Tissue compensation filters (TCF) aid plain film radiographic examinations by reducing the range of radiographic densities in the film. The composition and shape of the TCF assists in reducing radiographic density ranges that result from large anatomical density differences within the patient. The reduction of large density ranges on a radiographic film allows the clinicians to visualise larger ranges of anatomy. A Compton scatter technique has been used to examine the changes in the x-ray spectra that result from the placement of various TCF materials and thicknesses in the primary x-ray beam. Difficulties in the use of the Compton scatter technique in the examination of TCF under clinical conditions are discussed. Conclusions have been reached that will enable clinicians to optimising the x-ray tube voltage (kVp) so to maximise the effectiveness of each TCF material examined. The term spectral shift has been defined to aid in the evaluation of the TCF's effect on x-ray spectral changes. Maximum spectral shift for each type of TCF material occurs between generator settings of 70 - 80 kVp. TCF spectral shift changes were also examined under typical clinical generator types. Maximum spectral shift occurs when TCF are used with single phase, 100% ripple generators. Dose reduction conclusions from the use of the TCF are also discussed.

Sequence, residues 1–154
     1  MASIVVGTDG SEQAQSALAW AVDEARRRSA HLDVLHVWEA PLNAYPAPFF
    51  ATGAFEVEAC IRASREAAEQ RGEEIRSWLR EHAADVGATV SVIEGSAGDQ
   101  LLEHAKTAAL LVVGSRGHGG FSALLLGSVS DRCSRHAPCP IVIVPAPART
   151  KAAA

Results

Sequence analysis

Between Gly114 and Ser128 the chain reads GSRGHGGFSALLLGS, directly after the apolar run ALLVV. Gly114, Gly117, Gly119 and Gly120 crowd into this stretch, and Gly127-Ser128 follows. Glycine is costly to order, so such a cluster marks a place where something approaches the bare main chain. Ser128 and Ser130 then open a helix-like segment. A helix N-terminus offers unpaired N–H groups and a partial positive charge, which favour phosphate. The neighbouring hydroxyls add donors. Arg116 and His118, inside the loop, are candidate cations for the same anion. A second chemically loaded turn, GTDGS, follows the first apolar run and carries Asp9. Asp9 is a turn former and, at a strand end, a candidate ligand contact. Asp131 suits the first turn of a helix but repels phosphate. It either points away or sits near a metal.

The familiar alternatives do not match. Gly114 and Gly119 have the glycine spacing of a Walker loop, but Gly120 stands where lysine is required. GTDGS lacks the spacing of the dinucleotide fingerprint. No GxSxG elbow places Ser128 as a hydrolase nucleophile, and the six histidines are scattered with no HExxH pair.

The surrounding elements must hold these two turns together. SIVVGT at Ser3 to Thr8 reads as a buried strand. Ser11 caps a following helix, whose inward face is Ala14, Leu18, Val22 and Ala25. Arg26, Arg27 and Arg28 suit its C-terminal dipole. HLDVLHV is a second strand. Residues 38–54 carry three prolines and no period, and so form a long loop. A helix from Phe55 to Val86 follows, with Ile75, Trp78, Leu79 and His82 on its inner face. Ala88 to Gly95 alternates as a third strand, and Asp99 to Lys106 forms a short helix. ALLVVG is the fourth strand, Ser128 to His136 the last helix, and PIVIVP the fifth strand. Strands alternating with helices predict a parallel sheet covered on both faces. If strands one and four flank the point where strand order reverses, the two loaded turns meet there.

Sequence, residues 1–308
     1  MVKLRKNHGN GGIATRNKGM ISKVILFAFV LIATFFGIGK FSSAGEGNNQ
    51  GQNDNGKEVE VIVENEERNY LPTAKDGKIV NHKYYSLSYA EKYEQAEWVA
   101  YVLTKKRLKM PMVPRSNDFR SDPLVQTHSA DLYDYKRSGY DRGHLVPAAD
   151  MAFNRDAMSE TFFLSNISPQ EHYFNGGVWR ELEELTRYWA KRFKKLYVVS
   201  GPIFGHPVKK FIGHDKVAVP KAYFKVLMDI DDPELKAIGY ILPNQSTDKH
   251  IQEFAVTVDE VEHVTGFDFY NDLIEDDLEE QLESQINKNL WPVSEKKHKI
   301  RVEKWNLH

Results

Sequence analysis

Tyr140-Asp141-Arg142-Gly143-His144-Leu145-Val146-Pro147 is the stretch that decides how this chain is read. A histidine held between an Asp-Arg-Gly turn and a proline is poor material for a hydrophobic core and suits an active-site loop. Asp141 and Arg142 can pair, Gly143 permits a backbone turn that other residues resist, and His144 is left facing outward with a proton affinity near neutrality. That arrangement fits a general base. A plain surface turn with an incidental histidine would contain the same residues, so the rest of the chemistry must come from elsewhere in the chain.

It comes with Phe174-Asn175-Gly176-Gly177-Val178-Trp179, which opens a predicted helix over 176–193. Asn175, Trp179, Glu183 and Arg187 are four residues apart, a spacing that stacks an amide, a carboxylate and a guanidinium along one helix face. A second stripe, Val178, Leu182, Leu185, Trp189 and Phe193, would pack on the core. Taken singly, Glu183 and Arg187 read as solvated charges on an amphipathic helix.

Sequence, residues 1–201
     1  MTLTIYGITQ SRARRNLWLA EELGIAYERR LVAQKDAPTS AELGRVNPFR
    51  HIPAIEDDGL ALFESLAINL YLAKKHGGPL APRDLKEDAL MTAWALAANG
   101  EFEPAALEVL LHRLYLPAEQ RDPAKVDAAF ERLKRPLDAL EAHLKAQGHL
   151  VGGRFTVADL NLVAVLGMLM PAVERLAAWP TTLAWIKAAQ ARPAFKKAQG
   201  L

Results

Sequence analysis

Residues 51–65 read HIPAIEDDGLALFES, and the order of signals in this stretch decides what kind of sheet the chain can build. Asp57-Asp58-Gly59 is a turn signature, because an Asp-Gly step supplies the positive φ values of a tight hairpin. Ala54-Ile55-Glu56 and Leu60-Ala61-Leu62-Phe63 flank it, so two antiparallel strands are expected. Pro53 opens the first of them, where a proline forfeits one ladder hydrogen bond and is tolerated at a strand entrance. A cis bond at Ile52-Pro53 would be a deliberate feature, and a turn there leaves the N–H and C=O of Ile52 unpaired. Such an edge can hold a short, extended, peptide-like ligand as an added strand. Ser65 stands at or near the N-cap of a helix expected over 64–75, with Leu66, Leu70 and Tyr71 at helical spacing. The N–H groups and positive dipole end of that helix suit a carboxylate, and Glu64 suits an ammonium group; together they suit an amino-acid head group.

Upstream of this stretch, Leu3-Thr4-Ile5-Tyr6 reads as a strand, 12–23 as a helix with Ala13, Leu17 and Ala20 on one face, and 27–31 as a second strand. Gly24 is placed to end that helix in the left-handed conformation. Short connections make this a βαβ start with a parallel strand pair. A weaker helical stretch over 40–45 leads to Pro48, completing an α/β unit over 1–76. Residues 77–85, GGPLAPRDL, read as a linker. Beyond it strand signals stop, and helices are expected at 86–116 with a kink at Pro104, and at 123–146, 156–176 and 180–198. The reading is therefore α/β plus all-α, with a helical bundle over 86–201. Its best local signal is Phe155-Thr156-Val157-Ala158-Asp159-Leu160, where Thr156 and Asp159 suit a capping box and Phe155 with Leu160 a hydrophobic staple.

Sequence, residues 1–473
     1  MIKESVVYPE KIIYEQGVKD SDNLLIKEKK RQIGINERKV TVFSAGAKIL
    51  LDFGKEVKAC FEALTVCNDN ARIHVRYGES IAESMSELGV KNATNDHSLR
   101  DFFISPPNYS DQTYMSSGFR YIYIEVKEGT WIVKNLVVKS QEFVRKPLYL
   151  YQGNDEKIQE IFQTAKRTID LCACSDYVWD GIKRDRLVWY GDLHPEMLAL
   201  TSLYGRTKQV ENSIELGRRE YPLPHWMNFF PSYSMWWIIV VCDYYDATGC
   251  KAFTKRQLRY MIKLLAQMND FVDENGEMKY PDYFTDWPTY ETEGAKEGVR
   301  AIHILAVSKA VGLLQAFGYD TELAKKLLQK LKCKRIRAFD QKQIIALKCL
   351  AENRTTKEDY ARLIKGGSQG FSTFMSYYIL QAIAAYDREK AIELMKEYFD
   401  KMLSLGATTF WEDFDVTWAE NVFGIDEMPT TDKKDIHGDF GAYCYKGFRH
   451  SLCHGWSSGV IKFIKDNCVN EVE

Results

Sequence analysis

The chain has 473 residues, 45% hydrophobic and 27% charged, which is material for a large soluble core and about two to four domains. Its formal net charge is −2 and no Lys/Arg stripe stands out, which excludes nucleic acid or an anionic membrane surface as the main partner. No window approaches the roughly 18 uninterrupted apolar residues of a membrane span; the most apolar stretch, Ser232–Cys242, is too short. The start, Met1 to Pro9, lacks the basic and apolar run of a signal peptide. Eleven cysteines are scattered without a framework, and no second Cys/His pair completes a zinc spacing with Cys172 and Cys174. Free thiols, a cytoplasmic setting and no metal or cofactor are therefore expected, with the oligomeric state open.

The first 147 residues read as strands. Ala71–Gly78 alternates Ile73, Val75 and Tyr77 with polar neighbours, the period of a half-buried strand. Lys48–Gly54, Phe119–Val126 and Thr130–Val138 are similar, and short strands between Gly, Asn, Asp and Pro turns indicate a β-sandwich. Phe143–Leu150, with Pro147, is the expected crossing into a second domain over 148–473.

|Number of pages||6|
|Journal||Australasian Physical and Engineering Sciences in Medicine|
|Publication status||Published - 1 Jan 2001|